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Achieving Cybersecurity in Smart Buildings: Leave Nothing to Chance

Panelists say a detailed plan and step-by-step actions increases the likelihood facilities can mitigate, though not prevent, most security breaches.

Spencer Chin

August 23, 2022

3 Min Read
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Securing numerous legacy systems against cyberattacks is a key challenge in smart buildings.Image courtesy of Oxana Grivina / Alamy

Smart buildings, with systems in place to automatically control factors such as access, lighting, and climate, continue to become a greater part of our lives with their promises of energy savings and greater convenience for both users and building operators. But securing the myriad systems in these facilities is no easy task and requires careful planning and execution, according to participants at a Smart Buildings Summit session held earlier this week by FierceElectronics.

Even with the best preparation, there’s no guarantee any building can be completely safe from cybersecurity threats, said  Osman Saleem, Director of Cybersecurity and Privacy, at PwC Canada, in a keynote speech preceding the panel session. “Cybersecurity takes time and is a journey. It continually evolves with threats out there.”

Saleem added that smart building operators need to take three steps to ensure a reasonable level of security. The first is conducting a risk assessment to define and understand the risks to the facility. The second is developing a cybersecurity policy that is adhered and enforced through a compliance process. The third is technology implementation, which he added is best accomplished through a conversion network that connects the various legacy systems already in the building.

Related:Boosting Cybersecurity for Substation Automation Systems

The seriousness of cybersecurity, Saleem noted, is borne out in sobering statistics that state every 39 seconds some security breach occurs, and that the average security breach costs a company $4.2 million.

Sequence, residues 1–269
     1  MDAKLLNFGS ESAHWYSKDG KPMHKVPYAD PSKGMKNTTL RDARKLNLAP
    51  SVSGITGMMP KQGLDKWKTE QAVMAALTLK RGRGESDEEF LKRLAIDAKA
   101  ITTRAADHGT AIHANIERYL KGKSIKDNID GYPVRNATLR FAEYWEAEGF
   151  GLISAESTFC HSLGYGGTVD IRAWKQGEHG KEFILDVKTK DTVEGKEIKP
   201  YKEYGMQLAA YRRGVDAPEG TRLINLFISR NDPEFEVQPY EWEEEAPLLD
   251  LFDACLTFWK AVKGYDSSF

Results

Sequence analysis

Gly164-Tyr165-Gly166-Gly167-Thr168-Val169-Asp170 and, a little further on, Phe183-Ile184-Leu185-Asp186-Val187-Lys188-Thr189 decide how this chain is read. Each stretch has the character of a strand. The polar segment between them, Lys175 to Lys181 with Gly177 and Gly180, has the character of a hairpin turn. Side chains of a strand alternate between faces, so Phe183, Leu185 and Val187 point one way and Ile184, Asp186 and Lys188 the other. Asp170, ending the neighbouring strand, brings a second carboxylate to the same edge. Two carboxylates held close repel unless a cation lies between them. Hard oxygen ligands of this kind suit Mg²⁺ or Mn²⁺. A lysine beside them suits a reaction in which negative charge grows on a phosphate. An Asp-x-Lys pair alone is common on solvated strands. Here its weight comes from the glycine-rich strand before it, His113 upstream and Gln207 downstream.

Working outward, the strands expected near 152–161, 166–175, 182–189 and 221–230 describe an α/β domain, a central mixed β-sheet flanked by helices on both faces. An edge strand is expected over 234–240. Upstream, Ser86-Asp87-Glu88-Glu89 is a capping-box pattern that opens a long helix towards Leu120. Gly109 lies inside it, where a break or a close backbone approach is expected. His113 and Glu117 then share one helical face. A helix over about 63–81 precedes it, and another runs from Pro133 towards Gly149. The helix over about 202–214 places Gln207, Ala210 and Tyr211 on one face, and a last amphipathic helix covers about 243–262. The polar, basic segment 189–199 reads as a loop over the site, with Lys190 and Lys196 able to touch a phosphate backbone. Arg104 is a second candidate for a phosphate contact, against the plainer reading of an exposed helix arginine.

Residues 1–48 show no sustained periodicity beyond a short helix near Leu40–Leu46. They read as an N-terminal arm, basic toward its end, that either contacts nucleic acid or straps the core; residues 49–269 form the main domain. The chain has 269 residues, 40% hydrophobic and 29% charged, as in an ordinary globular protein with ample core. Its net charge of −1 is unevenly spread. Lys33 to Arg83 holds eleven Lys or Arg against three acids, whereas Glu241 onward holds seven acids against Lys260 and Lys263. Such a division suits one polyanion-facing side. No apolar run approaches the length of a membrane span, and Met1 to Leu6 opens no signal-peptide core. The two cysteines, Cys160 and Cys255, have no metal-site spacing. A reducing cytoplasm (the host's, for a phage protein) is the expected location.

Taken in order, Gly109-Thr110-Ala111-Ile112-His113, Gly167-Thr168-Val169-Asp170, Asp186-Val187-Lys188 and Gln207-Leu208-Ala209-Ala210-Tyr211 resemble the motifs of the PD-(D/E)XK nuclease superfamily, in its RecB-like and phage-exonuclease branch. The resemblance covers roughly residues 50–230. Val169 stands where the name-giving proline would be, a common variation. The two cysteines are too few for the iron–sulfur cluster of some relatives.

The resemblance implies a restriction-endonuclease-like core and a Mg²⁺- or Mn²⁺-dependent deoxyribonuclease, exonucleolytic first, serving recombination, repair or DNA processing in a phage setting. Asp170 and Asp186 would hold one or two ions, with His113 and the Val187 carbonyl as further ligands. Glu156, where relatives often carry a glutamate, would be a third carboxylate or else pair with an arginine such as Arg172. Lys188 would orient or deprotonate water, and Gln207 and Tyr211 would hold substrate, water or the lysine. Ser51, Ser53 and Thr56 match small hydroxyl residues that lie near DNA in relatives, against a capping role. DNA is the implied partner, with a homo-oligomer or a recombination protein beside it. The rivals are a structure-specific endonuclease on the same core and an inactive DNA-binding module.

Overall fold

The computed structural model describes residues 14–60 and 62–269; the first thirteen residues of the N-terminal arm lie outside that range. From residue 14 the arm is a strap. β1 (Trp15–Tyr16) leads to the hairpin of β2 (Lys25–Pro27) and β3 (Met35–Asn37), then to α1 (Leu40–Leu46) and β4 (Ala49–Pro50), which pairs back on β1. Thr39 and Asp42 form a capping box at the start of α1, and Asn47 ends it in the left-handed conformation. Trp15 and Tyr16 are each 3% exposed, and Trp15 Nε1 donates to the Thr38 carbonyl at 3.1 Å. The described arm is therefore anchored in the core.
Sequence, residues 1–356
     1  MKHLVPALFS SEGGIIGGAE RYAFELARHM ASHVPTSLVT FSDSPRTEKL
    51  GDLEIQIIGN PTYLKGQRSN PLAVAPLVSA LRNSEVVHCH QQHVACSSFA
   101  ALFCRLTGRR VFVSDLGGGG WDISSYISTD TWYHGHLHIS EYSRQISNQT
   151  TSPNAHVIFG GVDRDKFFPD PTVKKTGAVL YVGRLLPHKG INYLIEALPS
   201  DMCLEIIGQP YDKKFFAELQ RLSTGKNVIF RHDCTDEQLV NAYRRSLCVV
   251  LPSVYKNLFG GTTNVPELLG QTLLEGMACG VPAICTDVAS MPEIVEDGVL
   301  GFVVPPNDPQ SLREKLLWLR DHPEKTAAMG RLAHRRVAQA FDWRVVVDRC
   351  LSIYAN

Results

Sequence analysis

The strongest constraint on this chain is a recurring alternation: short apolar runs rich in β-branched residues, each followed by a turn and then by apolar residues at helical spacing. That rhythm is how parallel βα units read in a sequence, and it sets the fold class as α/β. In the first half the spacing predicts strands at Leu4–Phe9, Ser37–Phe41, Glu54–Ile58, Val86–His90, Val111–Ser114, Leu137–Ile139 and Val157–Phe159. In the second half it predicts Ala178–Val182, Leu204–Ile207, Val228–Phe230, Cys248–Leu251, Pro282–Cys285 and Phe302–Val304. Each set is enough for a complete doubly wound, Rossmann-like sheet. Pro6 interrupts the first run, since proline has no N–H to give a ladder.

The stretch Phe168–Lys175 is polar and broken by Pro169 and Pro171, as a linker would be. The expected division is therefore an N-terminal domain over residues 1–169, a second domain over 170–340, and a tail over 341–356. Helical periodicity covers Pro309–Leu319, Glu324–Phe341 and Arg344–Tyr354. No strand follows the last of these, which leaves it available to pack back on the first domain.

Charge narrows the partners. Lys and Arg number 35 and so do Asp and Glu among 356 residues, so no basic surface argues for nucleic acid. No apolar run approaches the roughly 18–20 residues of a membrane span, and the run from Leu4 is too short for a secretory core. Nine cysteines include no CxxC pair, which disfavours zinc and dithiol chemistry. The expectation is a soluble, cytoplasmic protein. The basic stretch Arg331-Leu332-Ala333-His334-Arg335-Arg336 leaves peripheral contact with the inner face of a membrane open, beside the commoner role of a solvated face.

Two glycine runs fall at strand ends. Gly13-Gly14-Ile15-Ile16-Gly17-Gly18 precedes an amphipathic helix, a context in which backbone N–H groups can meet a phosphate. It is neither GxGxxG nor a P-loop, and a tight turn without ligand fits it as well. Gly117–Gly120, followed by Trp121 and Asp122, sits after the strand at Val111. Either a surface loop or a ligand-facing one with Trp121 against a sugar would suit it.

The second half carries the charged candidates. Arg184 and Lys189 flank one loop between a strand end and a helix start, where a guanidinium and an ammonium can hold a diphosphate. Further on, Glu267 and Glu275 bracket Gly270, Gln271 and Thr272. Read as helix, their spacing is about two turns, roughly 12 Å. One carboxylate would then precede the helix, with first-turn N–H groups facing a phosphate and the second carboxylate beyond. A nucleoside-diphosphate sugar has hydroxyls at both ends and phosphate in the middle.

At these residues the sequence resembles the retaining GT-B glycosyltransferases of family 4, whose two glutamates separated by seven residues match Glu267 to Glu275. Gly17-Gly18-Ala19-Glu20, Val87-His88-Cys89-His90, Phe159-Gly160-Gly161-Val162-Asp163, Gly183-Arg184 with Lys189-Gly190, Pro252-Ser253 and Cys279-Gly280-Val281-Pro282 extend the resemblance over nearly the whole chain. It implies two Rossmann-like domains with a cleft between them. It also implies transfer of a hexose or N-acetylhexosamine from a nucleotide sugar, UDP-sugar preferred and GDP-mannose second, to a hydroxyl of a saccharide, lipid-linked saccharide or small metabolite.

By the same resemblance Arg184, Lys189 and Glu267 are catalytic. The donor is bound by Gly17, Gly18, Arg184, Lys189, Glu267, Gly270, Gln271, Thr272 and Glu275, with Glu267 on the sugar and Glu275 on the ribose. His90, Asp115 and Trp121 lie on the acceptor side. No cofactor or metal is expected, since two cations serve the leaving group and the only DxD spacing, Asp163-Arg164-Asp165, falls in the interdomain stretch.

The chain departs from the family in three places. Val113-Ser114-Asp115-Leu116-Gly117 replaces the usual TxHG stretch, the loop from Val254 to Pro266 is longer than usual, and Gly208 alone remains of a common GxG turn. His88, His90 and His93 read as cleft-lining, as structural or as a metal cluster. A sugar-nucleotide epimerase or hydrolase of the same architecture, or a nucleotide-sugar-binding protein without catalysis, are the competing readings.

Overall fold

Panelists agreed the cybersecurity issue is very serious and is not brought to most people’s attention. “You still must deal with them,” said session panelist Fred Gordy, Director of Cybersecurity for Intelligent Buildings.

Gordy recalled an instance where ransomware invaded a building network. Instead of tracking down the source of the problem, the network was simply backed up, which in turn caused the ransomware to damage the remainder of the network and incur expensive repairs to system hardware.

The serious nature of cybersecurity breaches is a message that has to reach all people in an organization, said Gord Erickson, Co-Founder/Chief Strategist of Smart-Buildings.io.  “There’s more talk about building cybersecurity now, but I am not sure it is trickling down. The C-suite executives realize it, but work needs to be done on filtering the message throughout an organization.”

Intelligent Buildings’ Gordy reiterated Erickson’s point, adding, “You have to engage all the stakeholders, down to the technician on the floor, and engage everyone in buying to cybersecurity practices.”

Related:10 Top Trends in Cybersecurity for 2022

Carefully controlling who and how your internal systems are accessed and modified is part of this engagement. Gordy recalled a company he worked for which had a common username and password for everyone. One fired employee proceeded to log onto the system with those credentials and hacked the system, wiping out much of the information on the server.

One of the challenges in building cybersecurity is the number of separate legacy systems already in place that have to be protected, noted Marta Soncodi, Smart Buildings Program Director of the Telecommunications Industry Association (TIA). “We have to consider that buildings are systems of systems. When we see events come up, we can see rampant complexity, technology that we bring in outpaces security.”

Another issue complicating smart building cybersecurity is the dearth of uniform standards. There is no one-size-fits-all set of standards. “You need to see what legislation applies to you,” said Intelligent Buildings’ Gordy.

Spencer Chin is a Senior Editor for Design News covering the electronics beat. He has many years of experience covering developments in components, semiconductors, subsystems, power, and other facets of electronics from both a business/supply-chain and technology perspective. He can be reached at [email protected].

About the Author(s)

Spencer Chin

Senior Editor, Design News

Spencer Chin is a Senior Editor with Design News, covering the electronics beat.

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